easyJet plans to cut fleet, jobs in Berlin over slower than expected recovery

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easyJet is planning to cut jobs and remove aircraft from its base at Berlin Brandenburg Airport (BER), citing slower than expected recovery in traffic and high airport fees.  

The low-cost carrier, which operates Airbus A320 family aircraft, said it planned to reduce the number of aircraft based in the German capital to 11 from 18 for the winter 2022. The reduction therefore puts 275 pilot and cabin crew jobs at risk.  

“The expected demand for travel, high airport fees and our efforts to optimize our network as a consequence of the pandemic mean it is necessary to restructure our operations,” Stephan Erler, Country Manager Germany for easyJet, commented in a statement on May 24, 2022.  

The company will hold talks with staff representatives over the proposals. easyJet said it will try to keep the job cuts to a minimum and offer staff jobs elsewhere within its network where possible.  

easyJet said the proposals were part of its strategy to concentrate on profitable routes and the best possible network for its customers.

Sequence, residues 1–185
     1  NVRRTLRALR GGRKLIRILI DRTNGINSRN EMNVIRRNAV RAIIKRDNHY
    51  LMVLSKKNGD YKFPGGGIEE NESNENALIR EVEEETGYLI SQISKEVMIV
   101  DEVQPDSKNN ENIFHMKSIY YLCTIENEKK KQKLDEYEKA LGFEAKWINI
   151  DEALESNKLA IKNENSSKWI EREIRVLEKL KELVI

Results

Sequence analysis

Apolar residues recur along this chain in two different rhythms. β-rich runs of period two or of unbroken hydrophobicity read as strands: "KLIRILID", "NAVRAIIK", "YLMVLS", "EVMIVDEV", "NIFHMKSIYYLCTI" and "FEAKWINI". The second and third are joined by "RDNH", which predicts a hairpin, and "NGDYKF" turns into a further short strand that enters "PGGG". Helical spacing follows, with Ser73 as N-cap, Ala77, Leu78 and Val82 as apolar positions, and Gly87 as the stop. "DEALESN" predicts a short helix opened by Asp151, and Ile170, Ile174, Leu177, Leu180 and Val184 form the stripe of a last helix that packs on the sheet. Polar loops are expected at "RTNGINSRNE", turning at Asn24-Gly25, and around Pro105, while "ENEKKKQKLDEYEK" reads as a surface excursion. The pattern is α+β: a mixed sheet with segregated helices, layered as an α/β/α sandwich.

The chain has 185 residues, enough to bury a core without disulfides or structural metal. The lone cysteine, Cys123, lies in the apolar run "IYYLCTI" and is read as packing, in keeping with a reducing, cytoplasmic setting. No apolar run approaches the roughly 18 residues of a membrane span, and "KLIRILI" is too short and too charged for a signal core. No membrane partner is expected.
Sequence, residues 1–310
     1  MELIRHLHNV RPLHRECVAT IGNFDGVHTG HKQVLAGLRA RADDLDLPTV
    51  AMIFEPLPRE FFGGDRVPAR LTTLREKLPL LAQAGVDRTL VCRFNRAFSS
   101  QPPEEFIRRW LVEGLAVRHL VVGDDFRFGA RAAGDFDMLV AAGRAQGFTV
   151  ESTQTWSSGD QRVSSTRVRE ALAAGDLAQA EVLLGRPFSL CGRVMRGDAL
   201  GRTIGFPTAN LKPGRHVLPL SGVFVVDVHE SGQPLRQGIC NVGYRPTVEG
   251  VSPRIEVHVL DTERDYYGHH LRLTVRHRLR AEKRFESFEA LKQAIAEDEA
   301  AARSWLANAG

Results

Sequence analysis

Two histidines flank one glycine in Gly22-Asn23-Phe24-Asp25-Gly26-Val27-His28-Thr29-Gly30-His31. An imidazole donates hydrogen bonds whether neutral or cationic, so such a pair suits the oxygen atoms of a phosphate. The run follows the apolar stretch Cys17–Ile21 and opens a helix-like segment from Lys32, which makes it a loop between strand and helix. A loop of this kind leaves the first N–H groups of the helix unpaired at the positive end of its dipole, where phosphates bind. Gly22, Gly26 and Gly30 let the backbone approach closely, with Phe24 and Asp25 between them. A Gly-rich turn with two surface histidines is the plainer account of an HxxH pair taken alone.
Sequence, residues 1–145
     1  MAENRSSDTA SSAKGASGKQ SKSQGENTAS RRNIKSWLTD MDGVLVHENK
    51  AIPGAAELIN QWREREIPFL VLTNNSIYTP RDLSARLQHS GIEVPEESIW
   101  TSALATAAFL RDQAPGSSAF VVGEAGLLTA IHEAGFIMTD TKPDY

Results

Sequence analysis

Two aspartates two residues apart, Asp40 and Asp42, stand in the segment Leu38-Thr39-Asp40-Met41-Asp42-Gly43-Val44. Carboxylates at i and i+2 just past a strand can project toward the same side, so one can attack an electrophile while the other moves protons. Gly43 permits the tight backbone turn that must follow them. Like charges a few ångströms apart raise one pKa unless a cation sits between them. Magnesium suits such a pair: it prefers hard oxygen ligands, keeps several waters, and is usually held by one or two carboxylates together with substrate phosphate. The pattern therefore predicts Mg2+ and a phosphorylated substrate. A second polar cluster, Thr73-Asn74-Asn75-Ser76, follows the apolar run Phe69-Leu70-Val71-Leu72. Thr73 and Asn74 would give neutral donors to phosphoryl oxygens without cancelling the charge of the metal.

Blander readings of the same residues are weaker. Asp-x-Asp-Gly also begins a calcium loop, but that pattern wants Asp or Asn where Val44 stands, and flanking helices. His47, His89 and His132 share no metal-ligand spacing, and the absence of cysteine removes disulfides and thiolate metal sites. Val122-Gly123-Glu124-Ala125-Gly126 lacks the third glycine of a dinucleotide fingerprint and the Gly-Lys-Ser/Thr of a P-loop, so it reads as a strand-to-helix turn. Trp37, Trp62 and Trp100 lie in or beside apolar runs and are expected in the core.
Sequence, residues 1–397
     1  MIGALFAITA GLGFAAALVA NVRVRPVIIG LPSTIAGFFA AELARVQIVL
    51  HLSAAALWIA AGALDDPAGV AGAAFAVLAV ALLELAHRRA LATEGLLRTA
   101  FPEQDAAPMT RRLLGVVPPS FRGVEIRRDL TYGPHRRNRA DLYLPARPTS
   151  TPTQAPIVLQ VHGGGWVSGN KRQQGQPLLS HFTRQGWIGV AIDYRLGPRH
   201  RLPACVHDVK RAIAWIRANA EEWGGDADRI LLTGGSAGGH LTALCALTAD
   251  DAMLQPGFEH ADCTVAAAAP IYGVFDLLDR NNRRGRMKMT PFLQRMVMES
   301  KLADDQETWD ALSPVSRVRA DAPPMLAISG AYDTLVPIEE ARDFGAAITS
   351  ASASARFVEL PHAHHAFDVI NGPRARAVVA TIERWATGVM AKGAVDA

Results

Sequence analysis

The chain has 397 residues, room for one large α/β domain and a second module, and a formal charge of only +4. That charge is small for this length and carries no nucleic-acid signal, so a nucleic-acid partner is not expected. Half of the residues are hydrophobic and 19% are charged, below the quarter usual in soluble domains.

“We are confident that if we remove the seven aircraft from BER and use them at other bases across the network, they will be more profitable and generate significantly more revenue than if they remained in BER,” the airline said in a letter to staff that was seen by AeroTime.   

easyJet was once the largest airline in Berlin, following its takeover of parts of collapsed carrier Air Berlin (AB1) in 2017. However, it has struggled to gain a foothold in the domestic market and after the onset of the COVID-19 pandemic announced cuts to its base in Berlin in 2020. At that time, it reduced the number of aircraft to 18 from 34 and said it would halve staff numbers to around 800.  

Trade union Verdi criticized the latest decision. 

“Coming right now as traffic is picking up, it’s incomprehensible. It’s going to alienate customers,” Verdi representative Holger Roessler told local paper Tagesspiegel. “The planes are full,” he added.  


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